A research project carried out in 2002 in the Queensland University of Technology in Australia aimed to identify and examine skills and knowledge essential for the successful library and information professional in the twenty-first century. This study considers the dual dimension of discipline knowledge and personal attributes, or generic capabilities.
Discipline knowledge includes, in addition to relevant subject knowledge, also career planning skills and ability to do research in LIS.
Generic capabilities include personal attitudes, such as being capable of lifelong learning, teamwork, communication, project management, critical thinking, problem solving, business acumen and self-management.
In the UK in 2002 the Chartered Institute for Library and Information Professionals ( ) presented a set of professional information skills and generic capabilities based on analysis of job descriptions, interviews and research reports.
Professional information skills:
|·||Knowledge management: information architecture, ICT skills, technical (traditional) skills.|
|·||Subject expertise: collection management; collection description, technical (traditional) skills.|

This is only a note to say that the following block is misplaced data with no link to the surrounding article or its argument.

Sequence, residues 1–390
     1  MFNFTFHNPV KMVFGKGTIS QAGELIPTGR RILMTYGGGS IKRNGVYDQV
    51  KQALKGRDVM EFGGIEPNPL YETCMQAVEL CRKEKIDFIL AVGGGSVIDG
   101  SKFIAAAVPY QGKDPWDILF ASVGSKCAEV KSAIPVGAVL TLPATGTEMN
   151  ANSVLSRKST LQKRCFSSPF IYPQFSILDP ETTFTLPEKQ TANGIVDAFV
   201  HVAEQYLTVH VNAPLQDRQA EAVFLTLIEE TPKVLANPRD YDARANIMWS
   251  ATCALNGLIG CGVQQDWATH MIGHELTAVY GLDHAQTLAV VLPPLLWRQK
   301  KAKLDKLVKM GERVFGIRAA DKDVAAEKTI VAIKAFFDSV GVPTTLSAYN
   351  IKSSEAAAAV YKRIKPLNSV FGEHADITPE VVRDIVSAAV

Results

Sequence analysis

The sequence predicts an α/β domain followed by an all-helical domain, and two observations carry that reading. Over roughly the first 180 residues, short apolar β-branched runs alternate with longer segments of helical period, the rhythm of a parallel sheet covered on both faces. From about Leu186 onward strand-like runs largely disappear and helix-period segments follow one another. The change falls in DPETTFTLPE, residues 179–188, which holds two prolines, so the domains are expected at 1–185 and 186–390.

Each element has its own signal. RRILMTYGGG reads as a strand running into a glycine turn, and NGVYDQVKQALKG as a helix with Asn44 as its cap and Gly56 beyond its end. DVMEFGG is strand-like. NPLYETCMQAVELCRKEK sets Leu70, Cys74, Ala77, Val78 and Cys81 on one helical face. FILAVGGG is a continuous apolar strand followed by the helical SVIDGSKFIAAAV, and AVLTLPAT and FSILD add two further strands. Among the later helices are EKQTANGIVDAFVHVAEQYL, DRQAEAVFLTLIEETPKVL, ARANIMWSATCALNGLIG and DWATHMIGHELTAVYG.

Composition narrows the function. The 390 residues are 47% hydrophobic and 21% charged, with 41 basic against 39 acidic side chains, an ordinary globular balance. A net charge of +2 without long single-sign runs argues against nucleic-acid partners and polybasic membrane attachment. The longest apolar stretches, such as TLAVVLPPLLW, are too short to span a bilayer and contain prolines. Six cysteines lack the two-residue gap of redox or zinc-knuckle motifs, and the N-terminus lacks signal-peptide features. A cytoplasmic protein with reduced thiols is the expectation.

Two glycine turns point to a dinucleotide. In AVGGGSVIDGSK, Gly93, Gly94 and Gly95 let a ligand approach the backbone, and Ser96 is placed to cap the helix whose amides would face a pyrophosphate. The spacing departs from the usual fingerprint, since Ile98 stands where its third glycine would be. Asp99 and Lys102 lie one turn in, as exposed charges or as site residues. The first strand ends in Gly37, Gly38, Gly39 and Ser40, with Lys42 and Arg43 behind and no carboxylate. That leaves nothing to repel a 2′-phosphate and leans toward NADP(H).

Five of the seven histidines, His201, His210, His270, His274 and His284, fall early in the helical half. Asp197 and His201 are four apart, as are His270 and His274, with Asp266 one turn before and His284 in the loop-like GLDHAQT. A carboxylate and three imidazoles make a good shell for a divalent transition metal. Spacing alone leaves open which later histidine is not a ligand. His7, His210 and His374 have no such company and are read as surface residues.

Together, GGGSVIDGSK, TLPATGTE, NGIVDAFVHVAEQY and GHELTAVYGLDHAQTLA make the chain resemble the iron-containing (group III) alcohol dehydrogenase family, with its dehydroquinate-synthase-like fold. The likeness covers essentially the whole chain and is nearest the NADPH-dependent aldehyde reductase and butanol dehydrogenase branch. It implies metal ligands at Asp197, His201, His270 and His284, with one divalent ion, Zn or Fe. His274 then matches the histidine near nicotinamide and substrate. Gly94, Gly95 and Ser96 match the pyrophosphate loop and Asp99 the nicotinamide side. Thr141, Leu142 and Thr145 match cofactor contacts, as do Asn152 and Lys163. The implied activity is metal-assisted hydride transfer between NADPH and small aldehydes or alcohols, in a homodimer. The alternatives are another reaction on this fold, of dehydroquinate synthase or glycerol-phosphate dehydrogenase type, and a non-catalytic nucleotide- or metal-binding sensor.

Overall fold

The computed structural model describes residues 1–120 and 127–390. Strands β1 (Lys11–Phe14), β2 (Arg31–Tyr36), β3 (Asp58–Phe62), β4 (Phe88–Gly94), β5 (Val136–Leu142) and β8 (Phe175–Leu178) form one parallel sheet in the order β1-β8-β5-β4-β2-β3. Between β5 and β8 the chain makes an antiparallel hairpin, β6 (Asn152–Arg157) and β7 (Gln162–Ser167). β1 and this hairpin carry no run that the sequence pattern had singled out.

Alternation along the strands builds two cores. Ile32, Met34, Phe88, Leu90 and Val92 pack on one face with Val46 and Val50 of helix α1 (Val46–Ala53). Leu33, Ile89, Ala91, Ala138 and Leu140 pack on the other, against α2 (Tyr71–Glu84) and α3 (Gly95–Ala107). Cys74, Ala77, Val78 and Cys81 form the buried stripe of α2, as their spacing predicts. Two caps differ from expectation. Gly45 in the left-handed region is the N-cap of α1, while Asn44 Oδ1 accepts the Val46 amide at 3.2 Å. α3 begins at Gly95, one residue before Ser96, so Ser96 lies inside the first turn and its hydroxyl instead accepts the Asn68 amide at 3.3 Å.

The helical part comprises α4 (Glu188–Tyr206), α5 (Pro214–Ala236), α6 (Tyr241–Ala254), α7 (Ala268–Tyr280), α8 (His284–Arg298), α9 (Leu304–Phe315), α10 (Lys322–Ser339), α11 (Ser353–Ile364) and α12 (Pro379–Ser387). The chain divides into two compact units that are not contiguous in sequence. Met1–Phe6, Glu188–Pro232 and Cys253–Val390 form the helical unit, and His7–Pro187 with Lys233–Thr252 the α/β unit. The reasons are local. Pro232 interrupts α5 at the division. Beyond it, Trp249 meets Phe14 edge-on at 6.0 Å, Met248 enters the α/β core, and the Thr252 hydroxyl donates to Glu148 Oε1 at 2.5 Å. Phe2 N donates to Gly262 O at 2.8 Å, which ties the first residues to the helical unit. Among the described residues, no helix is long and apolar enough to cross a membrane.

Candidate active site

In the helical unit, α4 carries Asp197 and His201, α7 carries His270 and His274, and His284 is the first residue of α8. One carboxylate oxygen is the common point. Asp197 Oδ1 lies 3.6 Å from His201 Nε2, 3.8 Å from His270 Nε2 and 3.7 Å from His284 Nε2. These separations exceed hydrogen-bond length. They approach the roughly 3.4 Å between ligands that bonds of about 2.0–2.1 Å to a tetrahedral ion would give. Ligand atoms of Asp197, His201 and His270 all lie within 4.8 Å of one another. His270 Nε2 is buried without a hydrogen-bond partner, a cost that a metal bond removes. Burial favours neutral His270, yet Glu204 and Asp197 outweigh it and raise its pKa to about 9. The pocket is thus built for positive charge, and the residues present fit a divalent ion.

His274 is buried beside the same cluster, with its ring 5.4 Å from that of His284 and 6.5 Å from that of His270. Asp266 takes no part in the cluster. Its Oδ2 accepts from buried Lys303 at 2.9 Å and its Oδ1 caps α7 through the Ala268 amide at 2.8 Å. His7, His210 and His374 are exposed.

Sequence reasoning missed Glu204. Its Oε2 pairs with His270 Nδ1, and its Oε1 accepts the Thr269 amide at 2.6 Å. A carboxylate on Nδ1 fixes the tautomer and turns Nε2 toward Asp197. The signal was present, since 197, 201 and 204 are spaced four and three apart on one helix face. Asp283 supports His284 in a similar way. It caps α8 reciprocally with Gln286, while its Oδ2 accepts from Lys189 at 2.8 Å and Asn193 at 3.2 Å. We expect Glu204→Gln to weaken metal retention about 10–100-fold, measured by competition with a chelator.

|·||Information technology: design, application, systems, user support (problem solving).|
|·||Service development: user information, survey, service impact analysis, planning and evaluation, promotion and marketing.|
|·||Project management: people management, research skills, bids and proposals.|
|·||Critical skills: thinking, analysis, problem solving, research.|
|·||Leadership: generic management, communication skills, strategic management, people skills, financial skills.|
|·||Promotion and marketing: presentation skills.|
A study amongst 53 US library directors of academic libraries provides us with an interesting profile for recruitment of new staff for the libraries at the start of the 21st century (). When expressing their wishes on the educational background of new staff it is interesting to note that they are demanding a solid broad education - not a specific one. Personal skills and attitudes as expressed in the figure below were considered more important than professional qualifications.
The Danish library directors demand similar recruitment profiles and the new profile of their future staff will focus on personal skills, such as the ability to advise, to structure, to communicate, to teach and to market library services.
Since library managers are not in a position to replace all existing staff with new staff, we have to ensure access to the training and development that underpins the profile of a librarian today, and focus on personal skills and attitudes in addition to updating professional skills and competencies.